Interactive Animated Visualization



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Interactive Animated Visualization

Using AnimatPlot for Animating Graphs & Plots

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Data Visualization helps in understanding different patterns, associations, visual insights from the data, etc. It is important because it uncovers the mystery behind the data tables in form of charts, graphs, and plots. There is N number of python libraries that help in visualizing the data like Matplotlib, Seaborn, etc.

What if I tell you that you can animate your visualizations? Pretty interesting right! How cool it will be if you can do that. Let’s unravel the mystery behind this and learn about how we can animate our regular plots.

AnimatPlot is an open-source python library that is built on top of Matplotlib and is used for creating highly interactive animated plots. In this article, we will explore some of the functionalities that AnimatPlot provides.

Let’s get started…

Installing required libraries

We will start by installing AnimatPlot using pip. The command given below will do that.

!pip install animatplot

Importing required libraries

In this step, we will import the required libraries for creating animated plots.

%matplotlib notebook
import numpy as np
import matplotlib.pyplot as plt
import animatplot as amp

Creating dataset

The dataset that creates here will create a sine wave and then we will animate this sine wave. Similarly, we will also another dataset for showing multiple plots in a single graph.

x = np.linspace(0, 1, 50)
t = np.linspace(0, 1, 20)

X, T = np.meshgrid(x, t)
Y = np.sin(2*np.pi*(X+T))

Creating Animated Plot

This is the final step where we will create the plot and animate it.

block = amp.blocks.Line(X, Y)
anim = amp.Animation([block])
plt.show()
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Now we will add controls to the plot.

timeline = amp.Timeline(t, units='s', fps=20)
block = amp.blocks.Line(X, Y)
anim = amp.Animation([block], timeline)
anim.controls()
plt.show()
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Similarly, now we will add more data and create multiple plots in a single chart.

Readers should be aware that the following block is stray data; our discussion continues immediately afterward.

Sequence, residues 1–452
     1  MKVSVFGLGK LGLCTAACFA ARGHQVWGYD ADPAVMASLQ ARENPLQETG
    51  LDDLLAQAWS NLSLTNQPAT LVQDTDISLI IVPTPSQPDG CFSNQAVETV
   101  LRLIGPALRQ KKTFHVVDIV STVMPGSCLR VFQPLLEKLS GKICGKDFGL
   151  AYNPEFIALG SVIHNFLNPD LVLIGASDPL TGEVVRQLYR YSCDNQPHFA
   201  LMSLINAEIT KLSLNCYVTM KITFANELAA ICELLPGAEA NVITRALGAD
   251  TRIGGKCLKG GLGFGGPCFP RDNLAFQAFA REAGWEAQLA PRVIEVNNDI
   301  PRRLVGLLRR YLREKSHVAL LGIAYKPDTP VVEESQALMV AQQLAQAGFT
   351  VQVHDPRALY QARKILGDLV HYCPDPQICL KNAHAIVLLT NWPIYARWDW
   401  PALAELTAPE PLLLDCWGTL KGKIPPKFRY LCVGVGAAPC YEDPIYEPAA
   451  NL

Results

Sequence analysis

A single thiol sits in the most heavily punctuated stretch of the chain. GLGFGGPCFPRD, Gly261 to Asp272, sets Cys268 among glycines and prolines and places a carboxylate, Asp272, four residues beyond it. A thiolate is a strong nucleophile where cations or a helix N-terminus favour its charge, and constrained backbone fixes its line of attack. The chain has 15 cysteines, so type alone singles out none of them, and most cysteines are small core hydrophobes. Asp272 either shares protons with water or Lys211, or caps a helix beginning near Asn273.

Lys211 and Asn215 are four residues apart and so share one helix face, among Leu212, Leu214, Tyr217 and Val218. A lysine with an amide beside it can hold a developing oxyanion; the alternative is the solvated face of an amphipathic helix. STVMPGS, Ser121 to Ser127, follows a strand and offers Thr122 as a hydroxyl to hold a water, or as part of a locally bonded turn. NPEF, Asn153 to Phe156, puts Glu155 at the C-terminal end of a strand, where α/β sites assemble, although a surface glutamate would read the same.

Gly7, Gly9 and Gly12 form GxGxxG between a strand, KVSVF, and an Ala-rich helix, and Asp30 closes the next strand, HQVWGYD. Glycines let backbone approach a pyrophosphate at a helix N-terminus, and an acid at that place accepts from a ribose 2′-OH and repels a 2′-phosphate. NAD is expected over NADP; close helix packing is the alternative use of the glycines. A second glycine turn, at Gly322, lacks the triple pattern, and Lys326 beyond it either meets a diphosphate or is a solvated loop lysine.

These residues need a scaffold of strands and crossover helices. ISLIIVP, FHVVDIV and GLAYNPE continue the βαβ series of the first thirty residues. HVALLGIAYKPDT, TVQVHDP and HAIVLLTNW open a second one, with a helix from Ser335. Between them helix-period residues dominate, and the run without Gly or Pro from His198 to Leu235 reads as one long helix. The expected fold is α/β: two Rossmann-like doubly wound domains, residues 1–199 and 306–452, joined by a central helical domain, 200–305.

x = np.linspace(-2, 2, 41)
y = np.linspace(-2, 2, 41)
t = np.linspace(0, 2*np.pi, 30)
X, Y, T = np.meshgrid(x, y, t)
data = np.sin(X*X+Y*Y-T)
line_data = data[20,:,:]
fig, (ax1, ax2) = plt.subplots(1, 2)
for ax in [ax1, ax2]:
ax.set_aspect('equal')
ax.set_xlabel('x')
ax2.set_ylabel('y', labelpad=-5)
ax1.set_ylabel('z')
ax1.set_ylim([-1.1,1.1])
fig.suptitle('Multiple blocks')
ax1.set_title('Cross Section: $y=0$')
ax2.set_title(r'$z=\sin(x^2+y^2-t)$')
line_block = amp.blocks.Line(X[0,:,:], line_data,
ax=ax1, t_axis=1)
block = amp.blocks.Pcolormesh(X[:,:,0], Y[:,:,0], data, ax=ax2, t_axis=2, vmin=-1, vmax=1)
plt.colorbar(block.quad)
timeline = amp.Timeline(t, fps=10)
anim = amp.Animation([block, line_block], timeline)
anim.controls()
plt.show()
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Here you can see that how we created animated plots and added interaction to them.

Go ahead try this with different data and created an animated visualization. In case you find any difficulty please let me know in the response section.

This article is in collaboration with Piyush Ingale.

Before You Go

Thanks for reading! If you want to get in touch with me, feel free to reach me at hmix13@gmail.com or my LinkedIn Profile. You can view my Github profile for different data science projects and packages tutorials. Also, feel free to explore my profile and read different articles I have written related to Data Science.

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